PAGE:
The merger of Raytheon with United Technologies can proceed, provided both companies sell off some capabilities, the Securities and Exchange Commission has decided.
The new $100 billion-plus company combines Raytheon’s large portfolio of radars, sensors, space, munitions, and hypersonics work with UTC’s Pratt & Whitney engines enterprise and other defense business. The new entity, to be called Raytheon Technologies, will be the United States’ second-largest defense contractor, after Lockheed Martin.
The SEC’s March 26 finding, which follows approval by the European Union in March for the merger, requires Raytheon to sell off its military aircraft radios business and UTC’s GPS satellite navigation business to prevent unfair competitive advantages in these areas. UTC also has to sell its space-based optics work.
“Without these divestitures, the merger would eliminate competition between two of the primary suppliers of military airborne radios and military GPS systems” to the Defense Department, the Justice Department said in a press release. It also would “enable the merged firm to lessen competition for multiple components used in reconnaissance satellites sold to DOD and the wider U.S. intelligence community.” Justice has filed pro-forma suits to compel the sales of the units recommended by the SEC.
Between them, UTC and Raytheon make all the “secure voice, data, and video communications” gear used on “every airplane and helicopter currently used” by the U.S. military, the Justice Department said. They are also “the only competitors” for GPS aviation and maritime applications, and are “two of the three” competitors for ground applications. Without the selloff, the merger would eliminate competition between UTC and Raytheon “for all these products, likely leading to higher prices, diminished innovation, lower quality, and less-favorable contract terms” for the government.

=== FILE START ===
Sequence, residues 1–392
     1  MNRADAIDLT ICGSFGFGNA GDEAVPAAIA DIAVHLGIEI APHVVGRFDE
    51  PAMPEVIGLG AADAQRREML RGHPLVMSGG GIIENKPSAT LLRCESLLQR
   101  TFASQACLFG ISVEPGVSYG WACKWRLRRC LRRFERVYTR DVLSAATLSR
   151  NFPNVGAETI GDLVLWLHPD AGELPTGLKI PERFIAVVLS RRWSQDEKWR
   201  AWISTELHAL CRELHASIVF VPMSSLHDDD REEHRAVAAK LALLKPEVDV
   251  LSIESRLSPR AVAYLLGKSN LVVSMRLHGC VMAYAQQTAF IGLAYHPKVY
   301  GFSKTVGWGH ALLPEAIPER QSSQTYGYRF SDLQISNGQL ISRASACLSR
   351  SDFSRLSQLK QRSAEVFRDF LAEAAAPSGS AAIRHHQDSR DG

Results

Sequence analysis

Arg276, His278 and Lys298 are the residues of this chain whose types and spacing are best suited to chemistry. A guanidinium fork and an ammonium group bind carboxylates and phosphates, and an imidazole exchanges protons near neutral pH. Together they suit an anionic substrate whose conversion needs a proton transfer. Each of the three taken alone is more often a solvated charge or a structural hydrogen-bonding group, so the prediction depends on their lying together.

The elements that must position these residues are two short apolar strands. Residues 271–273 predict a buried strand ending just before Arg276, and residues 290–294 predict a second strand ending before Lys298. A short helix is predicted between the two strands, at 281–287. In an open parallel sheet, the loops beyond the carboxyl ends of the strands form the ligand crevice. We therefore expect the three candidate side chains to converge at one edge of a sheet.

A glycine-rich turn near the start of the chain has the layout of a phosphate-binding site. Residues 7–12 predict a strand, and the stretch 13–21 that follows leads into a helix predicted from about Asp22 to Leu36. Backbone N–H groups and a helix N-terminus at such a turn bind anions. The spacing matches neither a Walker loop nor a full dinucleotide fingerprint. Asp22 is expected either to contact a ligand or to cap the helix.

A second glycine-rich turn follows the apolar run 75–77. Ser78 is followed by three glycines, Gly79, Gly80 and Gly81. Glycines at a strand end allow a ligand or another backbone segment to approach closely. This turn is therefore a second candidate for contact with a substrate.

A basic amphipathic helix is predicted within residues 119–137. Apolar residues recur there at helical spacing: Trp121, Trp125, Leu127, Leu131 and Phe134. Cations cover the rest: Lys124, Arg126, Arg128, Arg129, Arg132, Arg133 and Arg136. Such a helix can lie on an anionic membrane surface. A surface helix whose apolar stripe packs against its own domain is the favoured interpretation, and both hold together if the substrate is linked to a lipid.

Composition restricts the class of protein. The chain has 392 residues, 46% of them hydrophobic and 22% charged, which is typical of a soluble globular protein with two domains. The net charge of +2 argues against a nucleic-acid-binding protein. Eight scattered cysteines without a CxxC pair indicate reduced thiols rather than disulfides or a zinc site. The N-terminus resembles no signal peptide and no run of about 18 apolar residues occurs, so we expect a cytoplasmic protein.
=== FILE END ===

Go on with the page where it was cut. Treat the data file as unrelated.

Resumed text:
BAE Systems is viewed as the likely purchaser for some of the businesses; the Justice Department would also have to approve the sales. The Raytheon divestitures affect plants in Largo, Fla., and Fort Wayne, Ind., while the TC divestiture affects a facility in Danbury, Conn.
When the proposed merger was announced last year, Raytheon and UTC said the new company would be “platform agnostic” and not dependent on any particular program or platform. The merger was announced just a year after UTC acquired Collins Aerospace. Raytheon officials said the merger is expected to yield some $1 billion in savings after four years.
UTC is also spinning off its Otis elevator and Carrier air conditioning businesses, which are expected to be up and running independently next month.
“Today’s settlement protects the American taxpayer by preserving competition that leads to lower costs and higher innovation in critical military and defense products,” Assistant Attorney General Makan Delrahim of the Antitrust Division said in a press statement. In addition to harming radio competition, the merged firm would “harm rivals capable of making key components for reconnaissance satellites.” This problem is “resolved by the Division’s structural remedy, which includes divestiture of three separate business units.”
The space-based optics selloff is necessary because Raytheon’s electro-optical and infrared payload competitors might lose access to UTC’s “large space-based optical systems,” which would also likely raise prices, reduce innovation, and create less favorable terms for government on space-based payloads, Justice said.
President Trump weighed in on the merger last year, when he expressed concern, saying on a CNBC financial program the merger would “take away more competition,” even as it created “one big fat beautiful company.”
The last big round of defense consolidation also involved UTC, when it sold its Sikorsky helicopter division to Lockheed Martin in 2015.